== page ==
Yet further variation is possible by selecting or controlling the power output of individual infrared sources. For example, a first plurality of infrared sources may operate predominately in the mid infrared region, while a second plurality of infrared sources may operate in the near infrared portion of the spectrum. The plurality of mid infrared sources may be operated at a first wattage, while the plurality of near infrared sources may be operated at a second wattage. Similarly, the plurality of mid infrared sources may be positioned at a first distance from an MDF or EWP to be cured with a first linear distance between individual sources of the plurality of infrared sources of the mid infrared plurality, while the plurality of near infrared sources may be positioned at a second distance from an MDF or EWP to be cured with a second linear spacing.

Still referring to FIG. 9, the peak wavelength of one or more infrared sources used in the hybrid oven 90 in accordance with the present invention may be selected based upon the stage of a curing and/or drying process to be performed using a given source. Different stages of curing and/or drying may involve different edges or faces of the MDF or EWP to be cured and/or dried. For example, one or more mid infrared sources may be used at an early stage of an oven in order to quickly dry the MDF or EWP, as water molecules readily absorb mid infrared radiation, thereby evaporating, the water molecules.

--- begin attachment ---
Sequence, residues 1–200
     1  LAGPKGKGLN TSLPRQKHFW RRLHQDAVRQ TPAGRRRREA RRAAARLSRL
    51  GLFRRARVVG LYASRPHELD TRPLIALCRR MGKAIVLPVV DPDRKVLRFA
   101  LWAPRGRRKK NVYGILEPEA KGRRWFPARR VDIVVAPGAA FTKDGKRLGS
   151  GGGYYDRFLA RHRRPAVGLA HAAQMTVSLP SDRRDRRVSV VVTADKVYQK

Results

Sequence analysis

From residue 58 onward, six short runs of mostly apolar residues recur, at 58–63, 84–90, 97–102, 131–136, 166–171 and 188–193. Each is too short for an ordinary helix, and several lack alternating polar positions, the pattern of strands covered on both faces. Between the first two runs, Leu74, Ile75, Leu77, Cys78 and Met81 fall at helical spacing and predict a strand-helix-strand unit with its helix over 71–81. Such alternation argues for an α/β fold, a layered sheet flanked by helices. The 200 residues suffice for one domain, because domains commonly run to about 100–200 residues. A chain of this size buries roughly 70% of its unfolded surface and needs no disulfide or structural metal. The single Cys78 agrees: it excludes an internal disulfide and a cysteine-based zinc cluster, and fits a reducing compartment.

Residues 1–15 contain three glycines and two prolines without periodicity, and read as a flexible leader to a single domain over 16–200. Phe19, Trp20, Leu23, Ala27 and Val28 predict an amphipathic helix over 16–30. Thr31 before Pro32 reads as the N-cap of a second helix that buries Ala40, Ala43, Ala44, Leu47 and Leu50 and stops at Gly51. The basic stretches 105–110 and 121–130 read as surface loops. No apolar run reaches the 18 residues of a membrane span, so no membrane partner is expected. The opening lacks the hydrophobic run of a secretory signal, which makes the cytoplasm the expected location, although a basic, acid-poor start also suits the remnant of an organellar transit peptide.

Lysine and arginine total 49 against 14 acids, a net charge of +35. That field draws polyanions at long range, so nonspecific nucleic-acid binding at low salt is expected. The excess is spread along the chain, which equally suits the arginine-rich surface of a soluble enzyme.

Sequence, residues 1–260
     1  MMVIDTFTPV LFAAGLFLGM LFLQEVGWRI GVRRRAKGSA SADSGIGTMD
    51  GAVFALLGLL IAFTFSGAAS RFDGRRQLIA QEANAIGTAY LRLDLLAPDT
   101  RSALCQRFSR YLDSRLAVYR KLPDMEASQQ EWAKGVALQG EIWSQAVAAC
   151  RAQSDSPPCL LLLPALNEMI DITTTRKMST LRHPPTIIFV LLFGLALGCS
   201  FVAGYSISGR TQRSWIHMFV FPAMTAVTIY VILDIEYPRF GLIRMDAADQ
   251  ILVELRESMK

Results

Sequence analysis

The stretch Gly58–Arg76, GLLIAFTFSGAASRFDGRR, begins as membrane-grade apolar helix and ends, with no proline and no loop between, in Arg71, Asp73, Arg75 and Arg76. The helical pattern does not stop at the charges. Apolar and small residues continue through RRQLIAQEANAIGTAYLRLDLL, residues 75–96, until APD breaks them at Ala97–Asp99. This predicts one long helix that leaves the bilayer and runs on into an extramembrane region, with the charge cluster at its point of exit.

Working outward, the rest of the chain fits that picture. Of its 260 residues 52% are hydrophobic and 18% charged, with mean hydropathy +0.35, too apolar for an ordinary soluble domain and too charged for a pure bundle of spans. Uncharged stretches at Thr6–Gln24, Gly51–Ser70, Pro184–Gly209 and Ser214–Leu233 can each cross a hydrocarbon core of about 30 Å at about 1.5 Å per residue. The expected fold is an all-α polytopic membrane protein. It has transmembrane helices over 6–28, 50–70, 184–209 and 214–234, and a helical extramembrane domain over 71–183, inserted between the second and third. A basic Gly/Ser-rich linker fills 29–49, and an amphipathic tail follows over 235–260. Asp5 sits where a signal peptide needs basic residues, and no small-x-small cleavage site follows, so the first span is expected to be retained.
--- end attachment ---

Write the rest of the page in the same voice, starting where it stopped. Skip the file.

Other types of materials, such as polyethylene, may preferentially absorb mid infrared radiation, thereby enabling such materials to be rapidly heated using mid infrared sources. Other types of materials may preferentially absorb other wavelengths, and infrared sources strongly emitting at those wavelengths may be selected to heat such materials. Based upon the heating to be performed, energy restrictions, time limitations, materials used, etc., different types of sources in different arrangements and numbers/densities may be used at various stages of an oven in accordance with the present invention.

In alternate embodiments, the board edges 33B, 33D may be pre-primed by a liquid primer. It will be understood that the liquid primer may be cured by any suitable method, such as heat curing (e.g., infrared absorption), for example, or by chemical reaction from catalyst curing and accelerators. It will also be understood that the liquid primer may be any suitable liquid primer such as PVA glue or other solvent based liquid such as, for example, a lacquer or enamel based primer. It will also be understood that the liquid primer may be a suitable water based primer.